(Updates with BNP Paribas cuts from sixth paragraph.)
Nov. 16 (Bloomberg) -- Bank of America Corp., the second- biggest U.S. lender by deposits, cut part of its top-ranked Merrill Lynch & Co. equities division in Europe and reduced its sales and trading team in Dubai by 40 percent, people with knowledge of the situation said.
The cuts in Europe yesterday affected specialist sales and generalist sales, said two people, who declined to be identified because the information isn’t public. They didn’t provide a number of positions affected. In Dubai, the bank reduced the group to six from 10, according to another person.
Chief Executive Officer Brian T. Moynihan plans to eliminate 30,000 jobs at the Charlotte, North Carolina-based lender over the next few years to reduce costs by $5 billion annually by the end of 2013. Job cuts in Europe are gathering pace this week as firms from BNP Paribas SA to UniCredit SpA eliminate jobs after the European sovereign debt crisis eroded revenue from trading stocks and bonds.
Spokesmen for Bank of America in London weren’t immediately available to comment. Merrill Lynch was voted top broker for equity research this year and third-ranked for equity sales in Thomson Extel’s annual survey of European brokerages.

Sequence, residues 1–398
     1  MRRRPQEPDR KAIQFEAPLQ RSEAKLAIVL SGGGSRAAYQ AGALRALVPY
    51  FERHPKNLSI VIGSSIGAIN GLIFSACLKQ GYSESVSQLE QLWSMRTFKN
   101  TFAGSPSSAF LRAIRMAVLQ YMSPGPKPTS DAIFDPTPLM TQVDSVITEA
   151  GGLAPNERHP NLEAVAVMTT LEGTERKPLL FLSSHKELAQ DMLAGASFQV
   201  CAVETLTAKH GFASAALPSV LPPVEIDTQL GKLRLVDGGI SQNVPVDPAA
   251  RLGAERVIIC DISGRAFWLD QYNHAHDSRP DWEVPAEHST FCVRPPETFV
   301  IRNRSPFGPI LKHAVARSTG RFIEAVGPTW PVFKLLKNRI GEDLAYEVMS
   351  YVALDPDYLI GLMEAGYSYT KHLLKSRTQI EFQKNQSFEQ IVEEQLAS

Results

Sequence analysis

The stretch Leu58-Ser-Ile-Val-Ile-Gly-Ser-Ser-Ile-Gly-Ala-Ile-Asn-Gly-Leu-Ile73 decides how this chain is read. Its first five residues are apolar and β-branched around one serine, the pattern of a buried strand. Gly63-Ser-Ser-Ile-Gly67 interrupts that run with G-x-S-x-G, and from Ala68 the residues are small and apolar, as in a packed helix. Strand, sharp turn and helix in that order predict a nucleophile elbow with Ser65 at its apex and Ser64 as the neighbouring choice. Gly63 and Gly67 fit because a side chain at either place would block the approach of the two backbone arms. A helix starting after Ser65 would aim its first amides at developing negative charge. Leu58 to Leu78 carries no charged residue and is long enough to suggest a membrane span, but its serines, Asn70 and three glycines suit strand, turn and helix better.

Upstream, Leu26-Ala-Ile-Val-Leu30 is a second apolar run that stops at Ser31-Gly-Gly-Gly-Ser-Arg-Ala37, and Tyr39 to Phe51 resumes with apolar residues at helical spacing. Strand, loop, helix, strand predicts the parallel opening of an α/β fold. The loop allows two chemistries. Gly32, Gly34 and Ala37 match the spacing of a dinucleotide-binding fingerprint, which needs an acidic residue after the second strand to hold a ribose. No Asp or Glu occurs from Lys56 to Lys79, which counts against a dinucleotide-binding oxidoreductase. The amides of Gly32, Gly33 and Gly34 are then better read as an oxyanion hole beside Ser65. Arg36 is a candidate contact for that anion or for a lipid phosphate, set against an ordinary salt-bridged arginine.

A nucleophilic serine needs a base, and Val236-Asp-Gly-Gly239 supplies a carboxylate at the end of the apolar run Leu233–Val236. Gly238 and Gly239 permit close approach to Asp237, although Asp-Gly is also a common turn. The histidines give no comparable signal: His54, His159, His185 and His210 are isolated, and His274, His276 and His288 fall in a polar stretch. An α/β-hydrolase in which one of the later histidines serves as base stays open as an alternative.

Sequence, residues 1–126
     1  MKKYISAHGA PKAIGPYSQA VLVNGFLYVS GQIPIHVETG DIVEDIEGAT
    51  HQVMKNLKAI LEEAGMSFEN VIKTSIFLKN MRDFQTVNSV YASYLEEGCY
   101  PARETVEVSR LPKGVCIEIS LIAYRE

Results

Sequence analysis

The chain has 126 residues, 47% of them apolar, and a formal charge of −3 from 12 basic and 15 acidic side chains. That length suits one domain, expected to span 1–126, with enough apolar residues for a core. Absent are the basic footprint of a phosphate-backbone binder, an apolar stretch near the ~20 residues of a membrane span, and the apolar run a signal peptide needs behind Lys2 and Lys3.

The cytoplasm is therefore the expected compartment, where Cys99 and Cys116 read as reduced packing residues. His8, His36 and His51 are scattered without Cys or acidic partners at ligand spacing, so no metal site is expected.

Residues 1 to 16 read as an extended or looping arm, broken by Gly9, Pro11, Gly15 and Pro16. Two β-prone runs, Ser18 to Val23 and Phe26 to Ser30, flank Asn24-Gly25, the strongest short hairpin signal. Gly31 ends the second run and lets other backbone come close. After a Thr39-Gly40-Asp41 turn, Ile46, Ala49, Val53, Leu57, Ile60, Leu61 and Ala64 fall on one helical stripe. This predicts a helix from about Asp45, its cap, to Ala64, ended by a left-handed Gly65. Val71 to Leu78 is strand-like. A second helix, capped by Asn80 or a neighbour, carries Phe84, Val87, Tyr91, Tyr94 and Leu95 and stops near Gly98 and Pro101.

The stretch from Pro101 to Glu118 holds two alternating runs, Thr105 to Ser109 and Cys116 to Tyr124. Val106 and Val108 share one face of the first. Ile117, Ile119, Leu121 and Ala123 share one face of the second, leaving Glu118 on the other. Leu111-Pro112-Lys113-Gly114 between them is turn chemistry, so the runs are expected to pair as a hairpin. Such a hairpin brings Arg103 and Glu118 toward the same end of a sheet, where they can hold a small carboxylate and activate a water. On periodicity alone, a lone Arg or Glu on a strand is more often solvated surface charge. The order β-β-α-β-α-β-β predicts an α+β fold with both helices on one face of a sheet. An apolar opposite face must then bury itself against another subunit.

Bank of America dropped 0.7 percent to $6.09 in pre-market trading at 7:20 a.m. in New York. The stock has declined 54 percent this year for a market value of about $62 billion.
BNP Paribas, France’s largest bank, plans to eliminate about 1,400 jobs at its corporate and investment banking unit, Joel Debeausse, an official of the SNB union said today. UniCredit, Italy’s biggest bank, this week closed its research, sales and trading division for western European equities. The lender plans to concentrate its core markets of Germany, Italy, Poland and Austria.
Citigroup Inc. may cut as many as 3,000 jobs in part of a cost-reduction drive, said a person familiar with the company’s plans. Competitors including Britain’s Barclays Plc and Switzerland’s Credit Suisse Group AG have also cut jobs.
--With assistance from Stefania Bianchi in Dubai. Editors: Edward Evans, Keith Campbell.
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